I do not say this lightly or to be provocative. I am dead serious. I have chaired the Senate Judiciary Committee. I still teach constitutional law. I've consulted with some of our leading constitutional scholars. The Constitution is clear. And so am I.

President Obama's presidency is in free-fall. He is antagonizing parts of his base as he embarks on action that has no upside and many downside risks. What if Russia, China, and/or Iran take retaliatory action? They have their own internal political considerations, as well as the goal of reducing American influence, at which they are so far succeeding quite noticeably. Do any of them think that Obama would be able to escalate back?

My colleague Rick Moran notes (with some justice) that "both sides do it all they time. They're all hypocrites" when it comes to assertions of presidential or congressional prerogatives. But even if you grant that, President Obama has managed an extraordinary feat. The art of strategy consists in part of being able to look ahead 2 or 3 moves on the chessboard, and pick actions that leave more satisfactory options than Obama has structured for himself (and for our nation).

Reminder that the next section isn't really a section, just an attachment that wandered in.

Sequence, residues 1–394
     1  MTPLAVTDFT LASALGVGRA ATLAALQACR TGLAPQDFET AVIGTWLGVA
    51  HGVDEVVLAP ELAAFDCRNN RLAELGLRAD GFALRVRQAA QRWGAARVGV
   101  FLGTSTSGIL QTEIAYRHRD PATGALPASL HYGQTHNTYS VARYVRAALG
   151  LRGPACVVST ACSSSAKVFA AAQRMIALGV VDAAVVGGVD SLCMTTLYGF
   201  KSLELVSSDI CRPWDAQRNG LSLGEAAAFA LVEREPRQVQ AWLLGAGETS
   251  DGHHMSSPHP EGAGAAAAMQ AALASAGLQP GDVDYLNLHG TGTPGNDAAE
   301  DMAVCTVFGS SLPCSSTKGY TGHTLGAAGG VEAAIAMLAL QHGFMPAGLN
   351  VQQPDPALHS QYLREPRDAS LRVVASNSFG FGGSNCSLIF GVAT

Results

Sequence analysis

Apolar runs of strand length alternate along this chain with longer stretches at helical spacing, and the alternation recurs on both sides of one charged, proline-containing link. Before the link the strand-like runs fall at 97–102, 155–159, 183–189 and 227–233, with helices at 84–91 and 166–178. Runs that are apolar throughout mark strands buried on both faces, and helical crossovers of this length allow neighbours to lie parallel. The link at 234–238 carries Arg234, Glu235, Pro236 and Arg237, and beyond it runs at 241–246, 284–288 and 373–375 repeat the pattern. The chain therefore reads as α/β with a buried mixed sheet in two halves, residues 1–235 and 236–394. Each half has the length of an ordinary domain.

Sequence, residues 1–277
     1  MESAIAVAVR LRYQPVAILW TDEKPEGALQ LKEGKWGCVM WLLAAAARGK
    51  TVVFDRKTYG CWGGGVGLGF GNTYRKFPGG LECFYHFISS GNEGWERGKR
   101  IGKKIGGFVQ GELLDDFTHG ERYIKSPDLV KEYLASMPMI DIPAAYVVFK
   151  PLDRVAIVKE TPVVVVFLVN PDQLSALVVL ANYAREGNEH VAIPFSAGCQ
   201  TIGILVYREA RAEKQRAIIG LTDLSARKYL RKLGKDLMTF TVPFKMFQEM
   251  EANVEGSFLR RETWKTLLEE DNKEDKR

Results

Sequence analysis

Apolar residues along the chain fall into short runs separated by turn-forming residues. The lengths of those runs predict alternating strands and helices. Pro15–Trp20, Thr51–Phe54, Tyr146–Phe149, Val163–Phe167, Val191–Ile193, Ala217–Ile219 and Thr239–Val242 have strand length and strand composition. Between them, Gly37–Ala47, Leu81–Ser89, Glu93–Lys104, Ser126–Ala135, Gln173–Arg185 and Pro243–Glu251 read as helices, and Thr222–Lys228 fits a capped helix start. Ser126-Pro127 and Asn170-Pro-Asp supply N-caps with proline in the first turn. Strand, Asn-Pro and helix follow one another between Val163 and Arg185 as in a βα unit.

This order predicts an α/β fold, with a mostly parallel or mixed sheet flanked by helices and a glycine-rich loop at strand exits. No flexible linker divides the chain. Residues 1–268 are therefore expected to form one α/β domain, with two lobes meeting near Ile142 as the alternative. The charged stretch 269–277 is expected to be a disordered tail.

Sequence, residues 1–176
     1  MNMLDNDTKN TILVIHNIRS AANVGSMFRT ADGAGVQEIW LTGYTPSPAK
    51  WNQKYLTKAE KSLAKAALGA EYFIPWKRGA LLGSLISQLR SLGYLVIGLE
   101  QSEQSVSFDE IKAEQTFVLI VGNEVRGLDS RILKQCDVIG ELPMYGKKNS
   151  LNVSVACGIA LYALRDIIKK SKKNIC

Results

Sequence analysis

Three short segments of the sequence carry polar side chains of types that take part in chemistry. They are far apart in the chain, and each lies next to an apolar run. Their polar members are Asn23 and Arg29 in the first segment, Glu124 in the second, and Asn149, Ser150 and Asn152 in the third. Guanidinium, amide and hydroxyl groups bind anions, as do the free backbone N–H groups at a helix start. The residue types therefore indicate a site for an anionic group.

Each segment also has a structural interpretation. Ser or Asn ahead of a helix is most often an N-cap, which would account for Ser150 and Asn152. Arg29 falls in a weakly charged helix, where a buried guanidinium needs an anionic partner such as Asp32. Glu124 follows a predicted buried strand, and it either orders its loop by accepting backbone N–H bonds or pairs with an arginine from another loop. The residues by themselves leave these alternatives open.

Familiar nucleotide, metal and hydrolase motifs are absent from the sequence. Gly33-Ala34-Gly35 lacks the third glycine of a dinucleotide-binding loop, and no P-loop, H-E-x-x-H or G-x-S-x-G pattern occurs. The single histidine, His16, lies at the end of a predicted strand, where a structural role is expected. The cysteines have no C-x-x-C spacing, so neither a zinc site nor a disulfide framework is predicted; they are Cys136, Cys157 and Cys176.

Not only is there no outcome of an attack on Syria that would benefit the United States, President Obama has already denied he has the authority to take such action. It takes ineptitude of historic dimension to fashion such a no-win situation in world politics.

President Obama has already said a president can't take military action without congressional approval, and Vice President Biden has stated that it would be grounds for impeachment. During the 2007 presidential campaign, then-Senator Obama stated to the Boston Globe:

The President does not have power under the Constitution to unilaterally authorize a military attack in a situation that does not involve stopping an actual or imminent threat to the nation.

As Commander-in-Chief, the President does have a duty to protect and defend the United States. In instances of self-defense, the President would be within his constitutional authority to act before advising Congress or seeking its consent.

There is no real wiggle room here, in the words "actual" and "imminent." There is no credible claim to any threat to the US.  Secretary Kerry's speech yesterday was full of moral posturing but no claims of threat.